Is it possible to crack the core gamer market with a shooter on iOS? Ben Cousins, founder of Scattered Entertainment, DeNA's Stockholm studio, certainly thinks so.
"There's an opportunity for a company like DeNA to disrupt core gaming, and disrupt the big core gaming companies," says Cousins.
He thinks he can force the hand of the industry by coming out with a high-quality free-to-play game -- and at that point, his expertise with the model will be a competitive advantage. He launched Battlefield Heroes
, EA's first Western free-to-play game, over three years ago.
His shot at this is new FPS The Drowning
, which will be free-to-play on iOS devices early next year. With a level of polish that rivals current-gen console games but a quick, mobile-focused gameplay loop, he thinks he has the right recipe for disruption.
He presents a scenario: "In an ideal world, people play a game like this for a few minutes a day whilst they're playing their core games, but the amount of time and the amount of money they spend on mobile devices increases to the point where, when a next gen console purchasing decision is being made, maybe they put it off, or they maybe don't make that decision at all -- in the same way that I'm not interested in buying laptops anymore because I love tablets."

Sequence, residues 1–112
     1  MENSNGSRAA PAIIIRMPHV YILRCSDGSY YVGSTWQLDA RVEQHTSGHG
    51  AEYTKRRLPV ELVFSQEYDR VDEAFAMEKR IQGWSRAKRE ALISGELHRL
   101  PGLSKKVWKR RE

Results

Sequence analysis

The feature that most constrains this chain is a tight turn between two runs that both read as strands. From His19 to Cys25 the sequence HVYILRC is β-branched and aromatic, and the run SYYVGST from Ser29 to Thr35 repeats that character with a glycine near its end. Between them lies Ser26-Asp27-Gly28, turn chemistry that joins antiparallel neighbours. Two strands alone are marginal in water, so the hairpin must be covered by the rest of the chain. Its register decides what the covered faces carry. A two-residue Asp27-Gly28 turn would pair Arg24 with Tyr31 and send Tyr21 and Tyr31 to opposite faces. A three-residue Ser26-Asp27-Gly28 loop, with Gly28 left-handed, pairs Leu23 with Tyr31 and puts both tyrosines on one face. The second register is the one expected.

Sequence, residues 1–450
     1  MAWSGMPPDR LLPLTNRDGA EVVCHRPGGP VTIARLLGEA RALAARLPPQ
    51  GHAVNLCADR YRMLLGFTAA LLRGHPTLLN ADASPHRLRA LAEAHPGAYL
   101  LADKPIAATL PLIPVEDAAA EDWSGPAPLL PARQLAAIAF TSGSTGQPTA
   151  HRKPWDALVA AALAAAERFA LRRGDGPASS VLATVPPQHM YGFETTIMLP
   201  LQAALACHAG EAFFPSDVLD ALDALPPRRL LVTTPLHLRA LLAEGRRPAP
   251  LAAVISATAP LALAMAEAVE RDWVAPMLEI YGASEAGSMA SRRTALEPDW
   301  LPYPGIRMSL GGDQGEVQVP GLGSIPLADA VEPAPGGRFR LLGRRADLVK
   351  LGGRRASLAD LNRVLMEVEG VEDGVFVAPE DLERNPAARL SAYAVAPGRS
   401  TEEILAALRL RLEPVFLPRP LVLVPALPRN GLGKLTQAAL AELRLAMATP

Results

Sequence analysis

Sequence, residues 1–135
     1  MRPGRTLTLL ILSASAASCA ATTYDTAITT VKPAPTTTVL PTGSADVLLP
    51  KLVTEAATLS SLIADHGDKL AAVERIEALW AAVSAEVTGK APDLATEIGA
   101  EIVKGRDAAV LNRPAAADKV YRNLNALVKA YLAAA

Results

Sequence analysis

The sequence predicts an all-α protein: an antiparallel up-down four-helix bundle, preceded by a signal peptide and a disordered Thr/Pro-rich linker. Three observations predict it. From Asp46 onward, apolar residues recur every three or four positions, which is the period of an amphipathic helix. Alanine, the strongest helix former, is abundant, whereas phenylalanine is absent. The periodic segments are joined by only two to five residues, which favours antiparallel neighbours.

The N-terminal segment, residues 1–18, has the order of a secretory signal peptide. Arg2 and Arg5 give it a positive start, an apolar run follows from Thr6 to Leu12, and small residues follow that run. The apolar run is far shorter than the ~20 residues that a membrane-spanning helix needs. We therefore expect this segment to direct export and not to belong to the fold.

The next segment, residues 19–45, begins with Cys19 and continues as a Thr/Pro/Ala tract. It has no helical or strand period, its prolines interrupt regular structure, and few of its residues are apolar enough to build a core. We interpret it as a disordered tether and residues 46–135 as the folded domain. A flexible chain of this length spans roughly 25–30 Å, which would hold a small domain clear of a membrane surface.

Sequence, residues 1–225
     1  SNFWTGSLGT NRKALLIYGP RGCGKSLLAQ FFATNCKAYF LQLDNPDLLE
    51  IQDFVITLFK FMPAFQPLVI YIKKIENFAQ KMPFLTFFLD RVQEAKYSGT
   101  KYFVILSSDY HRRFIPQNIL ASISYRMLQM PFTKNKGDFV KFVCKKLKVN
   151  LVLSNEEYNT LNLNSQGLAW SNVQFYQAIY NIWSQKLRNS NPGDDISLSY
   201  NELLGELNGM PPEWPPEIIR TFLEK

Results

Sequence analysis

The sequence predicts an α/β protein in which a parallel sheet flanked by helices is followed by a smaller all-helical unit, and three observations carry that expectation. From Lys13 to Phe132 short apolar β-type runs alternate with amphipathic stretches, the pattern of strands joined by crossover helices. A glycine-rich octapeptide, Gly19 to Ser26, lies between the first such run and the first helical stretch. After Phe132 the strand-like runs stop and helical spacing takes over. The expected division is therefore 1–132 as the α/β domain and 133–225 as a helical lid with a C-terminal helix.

Cousins, you see, has stopped using a computer for anything but work. He's all iPad at home, and he can see console gamers going that direction.
The Control Issue
Cousins is particularly elated because he believes he and his team -- formed of veterans from FPS studios like Bungie, DICE, and Crytek -- have cracked the control scheme problems that will allow the genre to be just as fun on tablets as it is on consoles.
"We've struck a good balance between simplifying the things that don't matter, like micromanaging your moment around crates, while trying emphasize the things that do matter, like pixel-perfect shooting," he says.
Scattered spent two and a half months at the beginning of project nailing down the controls. The breakthrough came when the team realized that, "from a high level, let's do everything you do to move around the operating system, and to move around apps," Cousins says.